I’d also like to take a look at the correlation between the redshift features and distmod.

Figure 2: Correlation between redshift features and distmod.

As expected, these features are highly correlated. If I was working with any type of model besides a decision tree, I would use a dimensionality reduction strategy like Principle Component Analysis to reduce them to one or two high variance features. But I think that would be redundant with XGBoost.

Light Curve Data

Now on to the more interesting dataset, the light curves! I think the most important thing to look at is how long these are - are they uniform length (number of observations)? Are there uniform steps? Do they represent the same duration?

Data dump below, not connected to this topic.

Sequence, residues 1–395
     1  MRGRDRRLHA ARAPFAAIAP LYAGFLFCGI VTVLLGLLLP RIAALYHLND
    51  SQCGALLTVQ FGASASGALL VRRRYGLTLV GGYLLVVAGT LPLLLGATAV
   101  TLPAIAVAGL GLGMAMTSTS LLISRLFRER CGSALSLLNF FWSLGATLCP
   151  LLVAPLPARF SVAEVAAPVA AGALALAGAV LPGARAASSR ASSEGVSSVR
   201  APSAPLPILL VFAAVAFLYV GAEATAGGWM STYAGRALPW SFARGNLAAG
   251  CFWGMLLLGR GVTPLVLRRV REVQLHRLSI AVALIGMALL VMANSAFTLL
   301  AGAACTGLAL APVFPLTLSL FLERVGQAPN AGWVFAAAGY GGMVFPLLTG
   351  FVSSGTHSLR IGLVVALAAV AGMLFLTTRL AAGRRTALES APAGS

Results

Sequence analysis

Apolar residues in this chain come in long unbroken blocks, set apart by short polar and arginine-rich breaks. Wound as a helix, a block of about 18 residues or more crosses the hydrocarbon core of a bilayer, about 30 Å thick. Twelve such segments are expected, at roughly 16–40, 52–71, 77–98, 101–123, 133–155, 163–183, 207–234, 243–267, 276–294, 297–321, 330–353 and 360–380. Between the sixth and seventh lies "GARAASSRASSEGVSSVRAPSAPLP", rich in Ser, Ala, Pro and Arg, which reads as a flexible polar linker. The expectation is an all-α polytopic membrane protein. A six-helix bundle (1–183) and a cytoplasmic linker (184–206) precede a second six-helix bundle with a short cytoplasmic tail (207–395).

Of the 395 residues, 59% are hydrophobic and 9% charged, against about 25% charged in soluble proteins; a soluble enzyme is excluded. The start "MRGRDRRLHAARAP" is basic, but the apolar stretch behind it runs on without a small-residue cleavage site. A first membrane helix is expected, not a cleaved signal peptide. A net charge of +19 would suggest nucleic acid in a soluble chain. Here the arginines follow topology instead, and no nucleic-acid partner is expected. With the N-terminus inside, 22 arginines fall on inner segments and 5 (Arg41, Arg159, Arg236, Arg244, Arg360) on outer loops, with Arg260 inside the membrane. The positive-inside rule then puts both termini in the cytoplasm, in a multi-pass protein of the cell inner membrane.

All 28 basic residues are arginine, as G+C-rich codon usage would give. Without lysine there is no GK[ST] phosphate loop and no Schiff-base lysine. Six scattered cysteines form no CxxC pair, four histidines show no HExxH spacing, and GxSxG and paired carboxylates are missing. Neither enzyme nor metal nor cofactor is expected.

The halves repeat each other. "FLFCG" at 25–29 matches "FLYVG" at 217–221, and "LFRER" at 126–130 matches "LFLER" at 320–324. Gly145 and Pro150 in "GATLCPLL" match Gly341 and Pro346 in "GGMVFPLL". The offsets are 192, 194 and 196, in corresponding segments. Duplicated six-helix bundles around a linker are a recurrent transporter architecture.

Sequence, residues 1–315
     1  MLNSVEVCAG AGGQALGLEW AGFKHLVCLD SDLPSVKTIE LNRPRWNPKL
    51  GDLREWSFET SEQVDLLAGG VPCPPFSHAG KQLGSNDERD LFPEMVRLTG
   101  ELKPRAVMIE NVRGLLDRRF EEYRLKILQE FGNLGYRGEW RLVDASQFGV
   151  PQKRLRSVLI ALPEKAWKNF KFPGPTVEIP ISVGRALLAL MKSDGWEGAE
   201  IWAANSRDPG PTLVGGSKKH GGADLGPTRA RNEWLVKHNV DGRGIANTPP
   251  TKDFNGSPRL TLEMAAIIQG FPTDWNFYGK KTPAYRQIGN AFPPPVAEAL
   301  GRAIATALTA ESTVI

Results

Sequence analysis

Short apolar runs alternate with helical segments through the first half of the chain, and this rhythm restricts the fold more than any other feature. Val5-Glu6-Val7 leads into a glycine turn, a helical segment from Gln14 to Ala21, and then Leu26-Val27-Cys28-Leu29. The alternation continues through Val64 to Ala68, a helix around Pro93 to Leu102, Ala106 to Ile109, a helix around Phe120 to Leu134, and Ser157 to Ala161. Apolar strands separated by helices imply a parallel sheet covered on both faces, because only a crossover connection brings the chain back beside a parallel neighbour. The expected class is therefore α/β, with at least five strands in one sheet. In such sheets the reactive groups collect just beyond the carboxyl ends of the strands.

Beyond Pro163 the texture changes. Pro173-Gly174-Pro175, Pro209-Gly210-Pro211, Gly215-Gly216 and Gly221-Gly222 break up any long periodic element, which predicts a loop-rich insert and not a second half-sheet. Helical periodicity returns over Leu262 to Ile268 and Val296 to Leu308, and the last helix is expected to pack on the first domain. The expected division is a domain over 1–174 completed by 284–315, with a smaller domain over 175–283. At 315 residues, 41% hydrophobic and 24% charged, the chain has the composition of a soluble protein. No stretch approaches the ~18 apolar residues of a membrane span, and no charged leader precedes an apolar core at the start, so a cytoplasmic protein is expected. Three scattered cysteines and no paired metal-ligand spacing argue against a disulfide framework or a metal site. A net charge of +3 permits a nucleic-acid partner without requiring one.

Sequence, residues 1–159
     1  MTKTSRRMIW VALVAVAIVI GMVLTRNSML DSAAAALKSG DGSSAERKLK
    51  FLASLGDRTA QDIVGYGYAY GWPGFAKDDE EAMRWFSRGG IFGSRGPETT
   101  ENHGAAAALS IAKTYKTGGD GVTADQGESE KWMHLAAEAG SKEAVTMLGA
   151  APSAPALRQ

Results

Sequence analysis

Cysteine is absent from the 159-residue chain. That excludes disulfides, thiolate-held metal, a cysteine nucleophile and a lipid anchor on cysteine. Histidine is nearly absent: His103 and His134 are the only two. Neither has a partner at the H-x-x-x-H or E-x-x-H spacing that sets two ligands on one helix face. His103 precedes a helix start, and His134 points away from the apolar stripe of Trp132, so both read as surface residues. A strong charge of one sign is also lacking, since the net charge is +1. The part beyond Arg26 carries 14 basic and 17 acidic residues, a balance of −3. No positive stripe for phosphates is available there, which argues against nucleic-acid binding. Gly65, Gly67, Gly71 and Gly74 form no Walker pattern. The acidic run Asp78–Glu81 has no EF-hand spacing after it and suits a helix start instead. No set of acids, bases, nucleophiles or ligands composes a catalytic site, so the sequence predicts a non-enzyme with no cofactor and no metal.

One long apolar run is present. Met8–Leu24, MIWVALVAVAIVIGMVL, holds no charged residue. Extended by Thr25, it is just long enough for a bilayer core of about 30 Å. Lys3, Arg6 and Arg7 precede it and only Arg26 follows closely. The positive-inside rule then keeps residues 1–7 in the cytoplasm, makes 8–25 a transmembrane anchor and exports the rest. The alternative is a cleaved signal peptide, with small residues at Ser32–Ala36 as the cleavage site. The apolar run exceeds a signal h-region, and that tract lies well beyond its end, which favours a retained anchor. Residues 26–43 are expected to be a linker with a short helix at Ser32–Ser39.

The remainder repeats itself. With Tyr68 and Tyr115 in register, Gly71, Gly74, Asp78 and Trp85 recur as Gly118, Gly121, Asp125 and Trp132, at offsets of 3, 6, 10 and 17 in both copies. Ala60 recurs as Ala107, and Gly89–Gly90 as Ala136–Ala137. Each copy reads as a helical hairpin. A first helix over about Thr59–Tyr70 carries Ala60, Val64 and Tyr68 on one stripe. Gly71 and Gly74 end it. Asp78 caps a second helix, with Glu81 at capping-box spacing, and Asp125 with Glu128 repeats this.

Figure 3: The distribution of number of observations per object.

The light curves have different numbers of observations, but there seems to be three clusters around 125, 250, and 330.

Figure 4: The distribution of observation periods in days.

There is variation here, but it seems like most of the observations take place over a period of a little over two years or three years.

Figure 5: The distribution of average step sizes.

There also seems to be a significant amount of variation in average step size, and that the observations are taken once or twice a week.

These observations are taken with different passbands, representing different wavelengths of light. This means that there are different light curves for each passband, and when I am feature engineering I plan to split the light curve analysis on this feature.